Since hitting a peak almost exactly a year ago, the Dow Jones has fallen almost 4,800 points, from 14,800 to about 9,450 as of Tuesday. This, coupled with failing mortgage and banking institutions, have led some to dub this America’s worst financial crisis since the Great Depression.
Most people did not see the crisis coming, as the market drop was a shock to investors and the general public. Those with little interest in economics became involved when their banks were sold or their student loans affected.
However, economists have predicted the market crisis for a while, as the economy follows regular cycles of peaks and depressions. “The cause was known for a very long time and shouldn’t have surprised anyone; the only surprise is how quickly this was happening,” said Dan Breznitz, assistant professor in the School of Public Policy and the School of International Affairs.
Economics is a complex subject to understand, with many factors affecting the market. ‘Market’ is a term used to describe different interactions between people and how items are moved. “Markets work only if people have information; preferably, full information,” Breznitz said. Though the U.S. market has been growing, market fluctuations are a part of the cycle; even during long-term growth patterns, markets will go up and down.
“As long as people are willing to bet [or ‘gamble’], the financial market is going to have booms and busts,” Breznitz said. Buying and selling stocks keeps the market moving, but speculation is what causes large changes in the economy. Since no market is perfect, all economies will go through the boom and bust cycle (“boom and bust” refers to the high and fast changes in the economy due to factors that “perfect” models do not take into account).
Multiple problems combined to lead to this crisis. First, there was no main “clearing house” for financial institutions, so there was a lack of information about ownership. The lack of information between banks and investors destroyed trust. According to Breznitz, the real problem is not that there is not enough money, but that no one trusts anyone. With no trust between investors and institutions, the market is shaky.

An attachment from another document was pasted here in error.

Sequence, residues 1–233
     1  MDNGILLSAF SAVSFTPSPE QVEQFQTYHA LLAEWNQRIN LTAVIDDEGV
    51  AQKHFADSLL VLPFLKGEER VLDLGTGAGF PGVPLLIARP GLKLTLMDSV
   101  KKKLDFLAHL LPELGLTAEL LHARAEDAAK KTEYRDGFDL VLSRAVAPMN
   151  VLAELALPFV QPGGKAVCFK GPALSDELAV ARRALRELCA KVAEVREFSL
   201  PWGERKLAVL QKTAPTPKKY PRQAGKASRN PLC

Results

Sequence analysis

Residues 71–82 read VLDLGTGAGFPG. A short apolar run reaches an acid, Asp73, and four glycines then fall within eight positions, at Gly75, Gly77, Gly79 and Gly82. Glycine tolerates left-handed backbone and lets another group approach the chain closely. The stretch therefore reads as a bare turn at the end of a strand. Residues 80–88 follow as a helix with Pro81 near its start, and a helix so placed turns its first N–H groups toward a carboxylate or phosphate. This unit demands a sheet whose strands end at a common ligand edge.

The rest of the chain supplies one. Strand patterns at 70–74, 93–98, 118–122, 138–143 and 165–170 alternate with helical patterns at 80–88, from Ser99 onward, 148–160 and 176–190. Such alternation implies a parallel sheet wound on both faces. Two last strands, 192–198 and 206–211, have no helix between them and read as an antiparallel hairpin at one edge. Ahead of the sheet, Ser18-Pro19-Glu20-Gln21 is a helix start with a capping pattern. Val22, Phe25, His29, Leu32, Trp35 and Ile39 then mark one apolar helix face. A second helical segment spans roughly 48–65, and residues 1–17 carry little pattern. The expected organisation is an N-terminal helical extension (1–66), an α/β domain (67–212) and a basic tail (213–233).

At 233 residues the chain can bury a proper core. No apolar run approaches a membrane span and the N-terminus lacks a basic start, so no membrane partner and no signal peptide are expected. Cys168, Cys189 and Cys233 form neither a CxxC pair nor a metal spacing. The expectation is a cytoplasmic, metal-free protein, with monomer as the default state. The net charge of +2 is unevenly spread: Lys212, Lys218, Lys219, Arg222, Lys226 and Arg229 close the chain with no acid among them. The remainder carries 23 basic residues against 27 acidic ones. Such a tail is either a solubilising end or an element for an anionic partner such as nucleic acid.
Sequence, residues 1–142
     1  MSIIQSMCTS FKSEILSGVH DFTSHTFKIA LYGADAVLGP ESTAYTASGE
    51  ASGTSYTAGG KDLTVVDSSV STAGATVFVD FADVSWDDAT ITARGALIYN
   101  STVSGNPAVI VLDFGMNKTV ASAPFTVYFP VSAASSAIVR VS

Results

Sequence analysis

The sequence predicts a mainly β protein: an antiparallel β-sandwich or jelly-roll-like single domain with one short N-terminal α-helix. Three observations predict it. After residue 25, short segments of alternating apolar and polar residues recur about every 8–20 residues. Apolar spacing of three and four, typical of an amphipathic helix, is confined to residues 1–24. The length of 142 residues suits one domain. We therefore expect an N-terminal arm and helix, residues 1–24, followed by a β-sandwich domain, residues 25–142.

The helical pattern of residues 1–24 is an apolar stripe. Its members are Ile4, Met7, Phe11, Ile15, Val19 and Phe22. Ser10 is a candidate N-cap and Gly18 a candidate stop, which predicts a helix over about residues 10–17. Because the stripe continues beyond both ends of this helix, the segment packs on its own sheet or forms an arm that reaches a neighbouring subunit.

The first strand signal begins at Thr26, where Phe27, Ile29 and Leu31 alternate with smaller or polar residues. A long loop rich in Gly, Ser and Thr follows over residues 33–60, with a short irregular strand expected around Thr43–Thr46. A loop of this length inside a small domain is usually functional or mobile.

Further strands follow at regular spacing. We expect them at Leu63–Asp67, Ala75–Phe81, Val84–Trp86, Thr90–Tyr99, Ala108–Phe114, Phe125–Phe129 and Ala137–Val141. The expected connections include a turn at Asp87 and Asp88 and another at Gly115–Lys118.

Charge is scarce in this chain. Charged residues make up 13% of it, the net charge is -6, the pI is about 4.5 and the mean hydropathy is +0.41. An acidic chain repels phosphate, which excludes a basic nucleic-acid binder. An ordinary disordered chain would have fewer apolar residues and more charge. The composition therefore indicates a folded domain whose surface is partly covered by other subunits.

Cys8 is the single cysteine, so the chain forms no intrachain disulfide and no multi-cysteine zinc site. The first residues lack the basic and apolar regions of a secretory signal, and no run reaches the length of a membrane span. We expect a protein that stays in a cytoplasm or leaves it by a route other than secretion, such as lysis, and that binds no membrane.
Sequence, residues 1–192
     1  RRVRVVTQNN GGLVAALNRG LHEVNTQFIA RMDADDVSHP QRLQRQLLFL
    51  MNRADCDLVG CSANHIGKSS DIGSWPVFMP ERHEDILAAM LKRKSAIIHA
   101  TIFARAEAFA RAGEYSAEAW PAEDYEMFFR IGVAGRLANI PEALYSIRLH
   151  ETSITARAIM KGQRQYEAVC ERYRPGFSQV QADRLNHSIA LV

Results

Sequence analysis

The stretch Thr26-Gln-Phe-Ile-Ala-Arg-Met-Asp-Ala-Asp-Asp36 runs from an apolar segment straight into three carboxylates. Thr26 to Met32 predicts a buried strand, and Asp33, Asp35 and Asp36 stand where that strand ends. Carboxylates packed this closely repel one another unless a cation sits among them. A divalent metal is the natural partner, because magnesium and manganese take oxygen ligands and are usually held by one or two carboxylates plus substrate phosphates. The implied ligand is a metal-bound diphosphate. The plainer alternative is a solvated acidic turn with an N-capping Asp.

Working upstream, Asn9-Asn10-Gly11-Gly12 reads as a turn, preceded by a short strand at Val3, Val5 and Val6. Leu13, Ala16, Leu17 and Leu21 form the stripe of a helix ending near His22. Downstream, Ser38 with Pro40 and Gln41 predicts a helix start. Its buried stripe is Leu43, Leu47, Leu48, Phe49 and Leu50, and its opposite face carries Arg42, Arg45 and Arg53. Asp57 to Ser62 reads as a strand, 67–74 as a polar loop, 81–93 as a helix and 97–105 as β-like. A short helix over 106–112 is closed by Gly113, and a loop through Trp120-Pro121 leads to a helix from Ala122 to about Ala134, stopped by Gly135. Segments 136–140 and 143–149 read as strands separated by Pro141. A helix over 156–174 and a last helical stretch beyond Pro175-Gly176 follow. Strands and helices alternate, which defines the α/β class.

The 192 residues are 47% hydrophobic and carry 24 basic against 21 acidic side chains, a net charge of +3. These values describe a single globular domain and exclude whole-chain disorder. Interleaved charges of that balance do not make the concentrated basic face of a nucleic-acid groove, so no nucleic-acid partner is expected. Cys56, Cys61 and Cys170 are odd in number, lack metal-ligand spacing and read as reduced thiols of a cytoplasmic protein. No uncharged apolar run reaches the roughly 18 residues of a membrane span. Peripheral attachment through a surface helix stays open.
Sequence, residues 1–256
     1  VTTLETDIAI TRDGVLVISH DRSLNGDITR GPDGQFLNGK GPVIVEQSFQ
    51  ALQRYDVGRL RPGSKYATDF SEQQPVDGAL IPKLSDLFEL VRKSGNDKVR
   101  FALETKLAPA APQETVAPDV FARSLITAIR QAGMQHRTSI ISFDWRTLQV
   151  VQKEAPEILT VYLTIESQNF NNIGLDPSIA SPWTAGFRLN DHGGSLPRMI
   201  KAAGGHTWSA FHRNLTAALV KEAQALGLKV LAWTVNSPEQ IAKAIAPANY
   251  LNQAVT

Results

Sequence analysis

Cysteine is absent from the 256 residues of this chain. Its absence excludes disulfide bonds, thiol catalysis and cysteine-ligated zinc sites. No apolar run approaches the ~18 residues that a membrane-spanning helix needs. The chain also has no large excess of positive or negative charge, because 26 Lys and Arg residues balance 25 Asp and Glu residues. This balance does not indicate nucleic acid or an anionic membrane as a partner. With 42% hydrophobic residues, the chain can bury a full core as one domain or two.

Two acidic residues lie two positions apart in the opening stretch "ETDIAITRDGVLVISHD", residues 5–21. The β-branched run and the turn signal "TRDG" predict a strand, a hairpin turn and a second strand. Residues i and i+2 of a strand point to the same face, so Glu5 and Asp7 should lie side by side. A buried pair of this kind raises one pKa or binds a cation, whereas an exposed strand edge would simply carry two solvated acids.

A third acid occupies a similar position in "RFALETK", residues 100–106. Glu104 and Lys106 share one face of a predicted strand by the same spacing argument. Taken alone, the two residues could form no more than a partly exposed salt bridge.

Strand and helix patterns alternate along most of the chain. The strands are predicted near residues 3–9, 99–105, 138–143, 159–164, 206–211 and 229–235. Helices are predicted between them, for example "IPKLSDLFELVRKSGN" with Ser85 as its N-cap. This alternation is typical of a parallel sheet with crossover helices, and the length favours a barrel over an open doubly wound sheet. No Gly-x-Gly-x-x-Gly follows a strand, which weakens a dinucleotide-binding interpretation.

Now, banks are having trouble staying afloat. Wachovia is in the process of being sold, and Washington Mutual was bought out by JP Morgan. Though Bank of America has held out so far, it is reporting profit losses.
“The problem started with the question about moral hazards: will mortgage banks now calculate risk in the same way they did when the risk stays on with them? Add to that the problem with that derivative, you have no central clearinghouse; when things go bad, no one knows who owns which part,” Breznitz said.
People often panic when the economy starts going downhill. “The most rational thing to do when you think the bank is going to fail is to take the money out…it becomes a self-fulfilling prophecy because banks’ business models rely on not having to pay all the customers at the same time,” Breznitz said.
The Federal Deposit Insurance Corporation (FDIC) was created by the Glass-Steagall Act of 1933 after the panic of 1933 to insure people against such bank failures. Over 4,000 banks were closed this year while the government oversaw mergers that created stronger banks. Currently, as of Oct. 3, 2008, the FDIC insures up to $250,000 per person per bank, protecting more money during this economic crisis. This policy will continue until Dec. 31, 2009, when the insured limit will go back down to $100,000.
Since the beginning of the Information Age, when something occurs in one nation, it affects other nations. “It is no longer possible for one nation to regulate global economy or to save it,” Breznitz said. “We should hope that…the U.S., Europe and China will do something.” According to Breznitz, the global network must shift to deal with the changes not only in their own nation, but also in others.
“What will be interesting is to see if the financial crisis…will force or teach policy makers to cooperate more closely internationally,” Breznitz said. In Breznitz’s opinion, while focusing on our own economy, other nations’ financial well-being cannot be ignored.
The debate over inflation versus the crisis is ongoing. “[The] greatest fear, I think, is long-term high inflation…[which] will probably be much more damaging than a crisis,” Breznitz said. “If the choice of policymakers will be a crisis for two or three years, or high inflation for a decade, the shorter crisis will probably be less damaging.”
With student loans to pay off, soon-to-be graduates and recent alumni have valid concerns about finding a job. Breznitz believes the American economy will not recover before the second half of 2009. “[If] you’re a computer scientist, two or three years ago you could have found a good job doing models for investment banking; now, I’m not so sure,” Breznitz said.